Melanie Mark, who once wrote of her shame at being native, has been sworn in as the first woman from a First Nation in B.C.’s legislature – the latest chapter in a harrowing life in which she survived physical and sexual abuse.
On Wednesday, drummers and dancers greeted the MLA for Vancouver-Mount Pleasant – one of two New Democrats who won by-elections this month. The other is Jodie Wickens, elected in Coquitlam-Burke Mountain.
“Today just really cemented things,” Ms. Mark, a former deputy representative of B.C.’s Office of the Representative for Children and Youth, said in an interview.
“It really has me grounded in carrying out the work that I plan to do,” said Ms. Mark, who has policy interests in such areas as housing affordability, affordable child care, renovating schools to withstand earthquakes and the tech sector.
All of this is also a new chapter in a life that Ms. Mark chronicled in a 2001 essay, My Life So Far, published in the Canadian Woman Studies journal, in which she noted that, at times, she knew “being an Indian was not a cool thing” due to negative stereotypes. “I learned to be ashamed to tell people that I was native.”
To Ms. Mark, who is of Nisga’a, Gitxsan, Cree and Scottish descent, those days are now happily long gone. Asked about the gulf between those words and being embraced this week for her cultural background, she spoke of a journey of successfully reclaiming her cultural identity.
“In my early days, there was a lot of shame,” she said, noting her voice became stronger as she learned about her culture. “I am feeling stronger than ever before in my life and I am going to use that strength.”
Ms. Mark has been forthright about the physical and sexual abuse she suffered in a childhood during which she was raised by a single mother she described as an “alcoholic and fanatical woman.” Her father deserted the family and eventually died of a heroin overdose.
At the age of 5, she was sexually abused by a babysitter – an experience that prompted her to light her own bed on fire. During a road trip across North America with a girlfriend, along with the friend’s brothers and stepfather, Ms. Mark, then 10, was sexually abused by the stepfather. That led to a police investigation but no charges.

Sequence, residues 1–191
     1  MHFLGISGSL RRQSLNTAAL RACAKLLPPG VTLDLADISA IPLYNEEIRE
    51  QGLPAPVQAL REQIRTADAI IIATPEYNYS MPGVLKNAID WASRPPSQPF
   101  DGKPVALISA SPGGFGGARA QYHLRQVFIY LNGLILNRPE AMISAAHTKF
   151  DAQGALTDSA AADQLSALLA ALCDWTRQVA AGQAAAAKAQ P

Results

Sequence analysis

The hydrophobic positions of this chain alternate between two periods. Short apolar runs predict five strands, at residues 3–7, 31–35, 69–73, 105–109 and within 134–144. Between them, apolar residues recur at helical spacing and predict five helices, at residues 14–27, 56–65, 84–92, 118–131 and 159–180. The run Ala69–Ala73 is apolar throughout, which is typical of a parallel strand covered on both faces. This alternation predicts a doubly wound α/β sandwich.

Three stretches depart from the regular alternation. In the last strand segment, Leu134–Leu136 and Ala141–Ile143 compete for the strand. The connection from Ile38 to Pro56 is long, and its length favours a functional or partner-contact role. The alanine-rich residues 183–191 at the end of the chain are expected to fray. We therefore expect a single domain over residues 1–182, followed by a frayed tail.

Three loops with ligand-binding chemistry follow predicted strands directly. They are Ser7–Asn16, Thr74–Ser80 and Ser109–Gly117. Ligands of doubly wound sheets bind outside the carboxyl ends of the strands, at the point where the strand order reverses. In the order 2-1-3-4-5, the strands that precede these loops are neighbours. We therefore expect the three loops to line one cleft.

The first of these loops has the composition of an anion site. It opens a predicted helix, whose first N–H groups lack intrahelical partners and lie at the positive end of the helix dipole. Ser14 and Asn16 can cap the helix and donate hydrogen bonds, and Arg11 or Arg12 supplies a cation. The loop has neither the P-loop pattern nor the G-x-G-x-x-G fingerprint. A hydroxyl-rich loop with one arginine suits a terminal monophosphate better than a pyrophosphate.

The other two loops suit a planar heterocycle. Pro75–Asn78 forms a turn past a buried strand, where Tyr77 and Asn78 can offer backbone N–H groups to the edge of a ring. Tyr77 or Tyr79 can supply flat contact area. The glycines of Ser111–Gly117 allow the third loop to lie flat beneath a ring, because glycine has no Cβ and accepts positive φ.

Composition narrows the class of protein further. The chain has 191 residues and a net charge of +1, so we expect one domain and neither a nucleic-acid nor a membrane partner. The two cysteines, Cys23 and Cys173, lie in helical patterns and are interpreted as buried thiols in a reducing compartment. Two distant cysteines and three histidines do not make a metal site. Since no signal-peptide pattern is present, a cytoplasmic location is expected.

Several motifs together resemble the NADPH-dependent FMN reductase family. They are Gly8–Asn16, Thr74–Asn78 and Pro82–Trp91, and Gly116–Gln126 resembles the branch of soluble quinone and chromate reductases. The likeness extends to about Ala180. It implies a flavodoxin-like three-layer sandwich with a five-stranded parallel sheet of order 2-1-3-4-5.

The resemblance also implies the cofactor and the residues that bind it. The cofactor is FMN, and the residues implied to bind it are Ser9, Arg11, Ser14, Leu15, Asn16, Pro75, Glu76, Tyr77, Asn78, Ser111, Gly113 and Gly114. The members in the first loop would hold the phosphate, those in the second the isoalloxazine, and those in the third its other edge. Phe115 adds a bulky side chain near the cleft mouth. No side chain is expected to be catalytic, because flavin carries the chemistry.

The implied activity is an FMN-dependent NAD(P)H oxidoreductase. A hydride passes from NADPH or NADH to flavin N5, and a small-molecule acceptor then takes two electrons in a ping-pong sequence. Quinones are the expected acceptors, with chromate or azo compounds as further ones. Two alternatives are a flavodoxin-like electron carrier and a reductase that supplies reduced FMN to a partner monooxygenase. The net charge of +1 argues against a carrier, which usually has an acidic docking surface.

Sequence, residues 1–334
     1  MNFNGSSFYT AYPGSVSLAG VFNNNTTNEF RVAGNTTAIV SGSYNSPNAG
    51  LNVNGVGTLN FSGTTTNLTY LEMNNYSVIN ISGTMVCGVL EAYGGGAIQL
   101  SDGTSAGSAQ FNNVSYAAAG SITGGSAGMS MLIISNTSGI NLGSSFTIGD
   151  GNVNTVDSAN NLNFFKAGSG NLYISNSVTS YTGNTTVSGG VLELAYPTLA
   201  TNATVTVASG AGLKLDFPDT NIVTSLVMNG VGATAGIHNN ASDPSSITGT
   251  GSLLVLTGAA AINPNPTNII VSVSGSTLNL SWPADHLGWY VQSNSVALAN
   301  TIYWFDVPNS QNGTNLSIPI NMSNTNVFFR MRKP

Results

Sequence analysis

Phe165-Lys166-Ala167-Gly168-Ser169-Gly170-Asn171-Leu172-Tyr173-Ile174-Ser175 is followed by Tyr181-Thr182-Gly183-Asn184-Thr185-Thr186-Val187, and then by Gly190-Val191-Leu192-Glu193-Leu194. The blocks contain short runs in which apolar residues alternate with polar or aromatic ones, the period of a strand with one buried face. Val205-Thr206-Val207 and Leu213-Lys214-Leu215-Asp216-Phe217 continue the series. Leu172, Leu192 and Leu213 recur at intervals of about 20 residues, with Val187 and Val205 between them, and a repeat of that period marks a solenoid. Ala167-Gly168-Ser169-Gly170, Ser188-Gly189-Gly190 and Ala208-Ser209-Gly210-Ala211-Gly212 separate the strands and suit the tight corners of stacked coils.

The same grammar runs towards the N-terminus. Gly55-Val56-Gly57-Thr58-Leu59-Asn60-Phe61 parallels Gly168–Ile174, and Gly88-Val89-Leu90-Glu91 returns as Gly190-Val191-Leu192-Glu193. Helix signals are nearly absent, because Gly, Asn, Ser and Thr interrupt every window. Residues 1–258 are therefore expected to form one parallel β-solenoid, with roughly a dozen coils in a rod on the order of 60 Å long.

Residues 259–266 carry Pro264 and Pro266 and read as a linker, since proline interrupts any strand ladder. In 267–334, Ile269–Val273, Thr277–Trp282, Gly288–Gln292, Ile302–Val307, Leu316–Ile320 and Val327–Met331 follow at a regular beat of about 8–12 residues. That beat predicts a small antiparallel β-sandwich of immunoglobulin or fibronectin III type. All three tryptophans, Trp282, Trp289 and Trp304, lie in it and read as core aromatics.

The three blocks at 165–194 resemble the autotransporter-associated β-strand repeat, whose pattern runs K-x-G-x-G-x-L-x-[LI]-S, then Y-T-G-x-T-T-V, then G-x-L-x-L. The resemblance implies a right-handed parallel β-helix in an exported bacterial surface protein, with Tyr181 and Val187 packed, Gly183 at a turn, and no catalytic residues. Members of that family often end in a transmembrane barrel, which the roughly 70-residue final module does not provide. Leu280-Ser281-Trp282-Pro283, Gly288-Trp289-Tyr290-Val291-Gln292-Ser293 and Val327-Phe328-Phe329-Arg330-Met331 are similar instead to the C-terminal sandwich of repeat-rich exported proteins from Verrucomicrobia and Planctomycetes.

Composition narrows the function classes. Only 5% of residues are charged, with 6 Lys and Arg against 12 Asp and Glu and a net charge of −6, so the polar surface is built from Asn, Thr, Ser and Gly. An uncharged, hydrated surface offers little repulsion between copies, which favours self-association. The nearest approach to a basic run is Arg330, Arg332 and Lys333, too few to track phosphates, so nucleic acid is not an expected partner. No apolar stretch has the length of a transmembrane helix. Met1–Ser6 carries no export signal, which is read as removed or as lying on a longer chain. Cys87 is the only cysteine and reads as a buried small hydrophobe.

Her turnaround began when she worked as an art interpreter for Haida artist Bill Reid at Vancouver International Airport, answering questions from travellers. Interested in being a police officer, she eventually earned a criminology degree from Douglas College, which launched a career that took her to the children and youth office.
“I hope the public doesn’t take the first two decades of my life as the defining piece. It’s a part of what shaped me. It’s a part of what gives me my empathy,” she said. “When people phone you and say, ‘This is what I am faced with,’ I can understand what they’re talking about.”
When Vancouver-Mount Pleasant’s Jenny Kwan ran for a seat in last year’s federal election, Ms. Mark decided to try to win the NDP nomination in the long-time New Democratic seat.
After eight years in the children and youth office, she says she was dismayed with provincial child-care policies. “I saw enough of inaction and status quo and stand-pat budgets and a lack of commitment,” she said. “The a-ha moment was, ‘I am not going to sit on the sidelines.’”
B.C. has previously elected two aboriginal men to the legislature — Frank Calder and Larry Guno — while current New Democrat Carole James and former Liberal Marc Dalton are Metis.
Editor’s note: A previous version of this story incorrectly referred to Melanie Mark as the first aboriginal woman elected to the B.C. legislature. In fact, she is the first woman from a First Nation in the legislature. Carole James, who currently sits as a New Democrat, is Metis.
With files from The Canadian PressReport Typo/Error